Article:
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Love, hate and murder: Commitment devices in violent relationships

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  • Aizer, Anna
  • Dal B, Pedro

Abstract

Many violent relationships are characterized by a high degree of cyclicality: women who are the victims of domestic violence often leave and return multiple times. To explain this we develop a model of time inconsistent preferences in the context of domestic violence. This time inconsistency generates a demand for commitment. We present supporting evidence that women in violent relationships display time inconsistent preferences by examining their demand for commitment devices. We find that no-drop policies - which compel the prosecutor to continue with prosecution even if the victim expresses a desire to drop the charges - result in an increase in reporting. No-drop policies also result in a decrease in the number of men murdered by intimates suggesting that some women in violent relationships move away from an extreme type of commitment device when a less costly one is offered.

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Bibliographic Info

Article provided by Elsevier in its journal Journal of Public Economics.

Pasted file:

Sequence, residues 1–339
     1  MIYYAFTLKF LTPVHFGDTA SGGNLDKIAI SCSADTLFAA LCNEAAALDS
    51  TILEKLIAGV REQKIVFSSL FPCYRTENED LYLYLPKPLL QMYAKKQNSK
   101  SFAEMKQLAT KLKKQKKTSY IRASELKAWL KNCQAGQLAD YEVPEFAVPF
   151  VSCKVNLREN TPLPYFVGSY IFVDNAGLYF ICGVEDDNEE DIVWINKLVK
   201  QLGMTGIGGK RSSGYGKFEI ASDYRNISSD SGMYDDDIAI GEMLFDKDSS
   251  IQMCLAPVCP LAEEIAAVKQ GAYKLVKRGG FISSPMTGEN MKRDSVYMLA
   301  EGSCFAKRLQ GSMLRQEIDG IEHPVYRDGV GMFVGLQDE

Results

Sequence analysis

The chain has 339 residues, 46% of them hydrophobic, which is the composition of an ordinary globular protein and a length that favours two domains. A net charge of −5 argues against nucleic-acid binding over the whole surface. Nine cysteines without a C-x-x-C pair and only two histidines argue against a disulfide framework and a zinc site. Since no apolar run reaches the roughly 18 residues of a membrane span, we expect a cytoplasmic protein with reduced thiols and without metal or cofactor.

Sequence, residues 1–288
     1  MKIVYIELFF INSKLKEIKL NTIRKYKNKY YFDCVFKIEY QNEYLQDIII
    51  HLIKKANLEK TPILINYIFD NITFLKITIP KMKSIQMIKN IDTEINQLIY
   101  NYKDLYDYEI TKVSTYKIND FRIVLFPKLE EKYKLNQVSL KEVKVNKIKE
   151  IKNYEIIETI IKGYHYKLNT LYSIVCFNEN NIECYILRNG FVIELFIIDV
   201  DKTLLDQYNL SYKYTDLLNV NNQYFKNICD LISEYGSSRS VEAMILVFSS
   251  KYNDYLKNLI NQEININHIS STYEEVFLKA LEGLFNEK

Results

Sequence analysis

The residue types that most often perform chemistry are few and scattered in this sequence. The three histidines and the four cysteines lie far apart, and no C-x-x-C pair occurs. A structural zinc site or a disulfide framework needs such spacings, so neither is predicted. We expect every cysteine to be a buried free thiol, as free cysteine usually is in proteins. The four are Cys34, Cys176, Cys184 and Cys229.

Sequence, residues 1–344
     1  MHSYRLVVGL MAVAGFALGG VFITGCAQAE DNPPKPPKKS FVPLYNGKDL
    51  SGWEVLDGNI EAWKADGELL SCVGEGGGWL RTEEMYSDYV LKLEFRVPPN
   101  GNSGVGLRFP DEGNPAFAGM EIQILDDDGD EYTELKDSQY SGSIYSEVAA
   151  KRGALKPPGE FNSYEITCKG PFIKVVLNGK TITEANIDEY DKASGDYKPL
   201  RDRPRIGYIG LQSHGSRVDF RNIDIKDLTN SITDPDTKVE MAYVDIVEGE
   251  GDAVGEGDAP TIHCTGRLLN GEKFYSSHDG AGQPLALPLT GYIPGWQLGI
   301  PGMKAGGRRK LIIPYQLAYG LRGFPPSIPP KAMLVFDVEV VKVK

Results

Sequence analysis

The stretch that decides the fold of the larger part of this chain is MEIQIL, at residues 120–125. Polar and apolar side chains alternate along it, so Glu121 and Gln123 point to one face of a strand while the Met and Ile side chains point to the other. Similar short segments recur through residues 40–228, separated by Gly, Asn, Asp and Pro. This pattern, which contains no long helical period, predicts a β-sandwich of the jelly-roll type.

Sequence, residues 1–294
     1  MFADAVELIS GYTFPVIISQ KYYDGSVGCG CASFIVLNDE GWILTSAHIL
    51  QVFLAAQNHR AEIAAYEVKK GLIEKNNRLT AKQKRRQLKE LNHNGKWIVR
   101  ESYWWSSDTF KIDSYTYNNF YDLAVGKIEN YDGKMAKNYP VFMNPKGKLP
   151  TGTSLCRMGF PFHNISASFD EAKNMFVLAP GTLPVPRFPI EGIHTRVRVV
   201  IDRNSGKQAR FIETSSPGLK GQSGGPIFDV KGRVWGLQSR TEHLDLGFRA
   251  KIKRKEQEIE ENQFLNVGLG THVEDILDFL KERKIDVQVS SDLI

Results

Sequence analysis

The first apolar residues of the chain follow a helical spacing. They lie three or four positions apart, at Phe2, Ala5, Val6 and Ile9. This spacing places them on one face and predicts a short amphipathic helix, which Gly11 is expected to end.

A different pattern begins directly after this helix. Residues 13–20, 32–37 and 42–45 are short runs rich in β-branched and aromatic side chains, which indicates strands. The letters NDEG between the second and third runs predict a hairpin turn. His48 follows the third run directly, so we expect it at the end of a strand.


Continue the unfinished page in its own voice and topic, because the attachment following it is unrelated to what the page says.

Volume (Year): 93 (2009)
Issue (Month): 3-4 (April)
Pages: 412-428

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Handle: RePEc:eee:pubeco:v:93:y:2009:i:3-4:p:412-428

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Web page: http://www.elsevier.com/locate/inca/505578

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Keywords: Domestic violence Time inconsistency Commitment;

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Cited by:
  1. Anna Aizer, 2010. "The Gender Wage Gap and Domestic Violence," American Economic Review, American Economic Association, vol. 100(4), pages 1847-59, September.
  2. Mani, Anandi & Iyer, Lakshmi & Mishra, Prachi & Topalova, Petia, 2011. "The Power of Political Voice: Women's Political Representation and Crime in India," CAGE Online Working Paper Series 63, Competitive Advantage in the Global Economy (CAGE).
  3. repec:cge:warwcg:62 is not listed on IDEAS
  4. Jungmin Lee, 2013. "The Impact of a Mandatory Cooling-off Period on Divorce," Journal of Law and Economics, University of Chicago Press, vol. 56(1), pages 227 - 243.

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